Note that the Samsung NC20 we tested was a foreign model; domestic units have a 15% larger battery. Also, we didn’t test the NC20 in its manually-invoked “max battery” mode. For both of these reasons, you could surely achieve longer run times with an NC20 than what you’ll see below. See our NC20 review for more details.

For our web surfing test, we opened a Firefox window with two tabs: one for TR and another for Shacknews. These tabs were set to reload automatically every 30 seconds over Wi-Fi, and we left Bluetooth enabled as well. Our second battery life test involves movie playback. Here, we looped a standard-definition video of the sort one might download off BitTorrent, using Windows Media Player for playback. We disabled Wi-Fi and Bluetooth for this test.

Since the Clevo didn’t break the hour mark in either the web surfing or movie playback tests, I’ll give you its run times in minutes: 48 and 50, respectively, not that we expected greater longevity. The battery’s only rated for 42Wh, and the processor alone has a 45W TDP.

External operating temperatures

External operating temperatures were measured with an IR thermometer placed 1″ from the surface of the system. Tests were conducted after the Clevo had run our web surfing battery life test for a couple of hours.

Although most of the system’s surfaces remain reasonably cool, there’s a definite hot spot right in the middle. Still, even after hours of gaming, the keyboard didn’t get uncomfortably warm. The underbelly’s hot spot might have lap-searing potential if this were the sort of notebook you’d put on your lap for extended periods of time, but that hardly seems likely given its weight and dimensions.

A few evenings with a modern portable gaming rig

I used to be a pretty hard-core PC gamer, but it’s hard to find time these days. When I do have a spare hour or two, I usually want to get out of the Benchmarking Sweatshop that houses my gaming PC, so I end up on the couch across from a console. It’s just not the same, I know, but after a full day in the office, that’s the last place I want to be to unwind.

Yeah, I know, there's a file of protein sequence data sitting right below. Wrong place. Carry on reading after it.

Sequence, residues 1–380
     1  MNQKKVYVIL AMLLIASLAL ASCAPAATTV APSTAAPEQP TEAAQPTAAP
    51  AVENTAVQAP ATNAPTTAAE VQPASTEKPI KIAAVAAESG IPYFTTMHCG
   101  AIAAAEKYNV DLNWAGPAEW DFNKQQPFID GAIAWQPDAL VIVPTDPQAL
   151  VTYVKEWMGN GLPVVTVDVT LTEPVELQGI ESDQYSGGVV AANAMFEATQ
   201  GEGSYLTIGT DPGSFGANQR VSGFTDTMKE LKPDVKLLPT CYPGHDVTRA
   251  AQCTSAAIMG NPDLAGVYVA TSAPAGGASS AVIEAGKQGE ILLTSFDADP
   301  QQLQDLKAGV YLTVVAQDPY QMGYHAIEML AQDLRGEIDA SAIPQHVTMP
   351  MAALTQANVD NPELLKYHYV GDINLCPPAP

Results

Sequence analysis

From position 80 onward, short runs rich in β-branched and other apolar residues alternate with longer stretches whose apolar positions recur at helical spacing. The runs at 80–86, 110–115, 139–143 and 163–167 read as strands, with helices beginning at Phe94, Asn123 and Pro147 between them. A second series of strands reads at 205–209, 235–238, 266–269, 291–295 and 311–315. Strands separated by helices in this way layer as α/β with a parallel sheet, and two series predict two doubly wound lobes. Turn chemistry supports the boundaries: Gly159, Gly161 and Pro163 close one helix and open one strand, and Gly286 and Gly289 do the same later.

With the W870CU, not only did I have an excuse to conduct some real-world testing with the latest games, but I could also easily drag the system out of my office. And so I did. The goal here wasn’t to come up with a comprehensive set of benchmark results, but instead to determine just how well the Clevo handles recent titles specifically at its native resolution. If you’re curious about how the ultraportables fared in these games, they didn’t. None of them managed even remotely playable frame rates in the next six titles, even at the lowest resolutions and detail levels.

Rather than bringing out the big guns at first, I began my testing with Left 4 Dead, which tends to run rather well on modest hardware. Using FRAPS to get a sense of in-game frame rates, I set the resolution to 1600×900, cranked up the the image quality settings, and enabled 16X anisotropic filtering and 4X antialiasing. The result? An almost constant 60 frames per second. I tried 8X antialiasing next, and then a couple of the 16X modes, but frame rates remained steady at 60 FPS. Sweet!

Call of Duty: World at War doesn’t offer quite as many in-game antialiasing modes, but 4X seemed to be plenty. With the eye candy cranked, anisotropic filtering maxed, and 4X AA, frame rates oscillated between 44 and 68 FPS. Gameplay was smooth, even during intense action sequences.

Far Cry 2 fills in as our final shooter and the most recent of the three. I went for broke with the game’s ultra detail level and 4X antialiasing and was surprised to find frame rates hanging between 28 and 40 FPS in outdoor areas and up to 50 FPS indoors. The game looks absolutely gorgeous with these settings, and it’s playable, at least through the first few hours. You’ll have to back off on the detail levels to avoid occasional stutters, though.

I’m a sucker for good driving games, and GRID is one of the best on the PC. The Clevo easily handled maximum in-game detail levels with 8X antialiasing, never dipping below 47 FPS. Heck, I’d even play the game with 16X CSAA, which delivered between 41 and 57 FPS. Pushing to the highest 16xQ CSAA mode dropped frame rates into the 30s, which is a little low for driving, at least for my tastes.

Need for Speed: Shift is the latest driving title to hit the PC, and while it’s another console port, I couldn’t resist taking the demo for a spin (or dropping that pun). With detail levels cranked and 4X antialiasing, the W870CU pushed between 40 and 60 FPS. 8X AA proved a little too demanding, knocking frame rates down a peg to 28-37 FPS.

Interestingly, I did notice occasional stuttering in the game. The stuttering tended to strike in tight corners with lots of traffic, but it didn’t correspond to particularly low frame rates, which makes me think the issue isn’t a lack of horsepower. My gut says sloppy console port, but with one patch already released for the full version of this game, maybe it’s just the demo.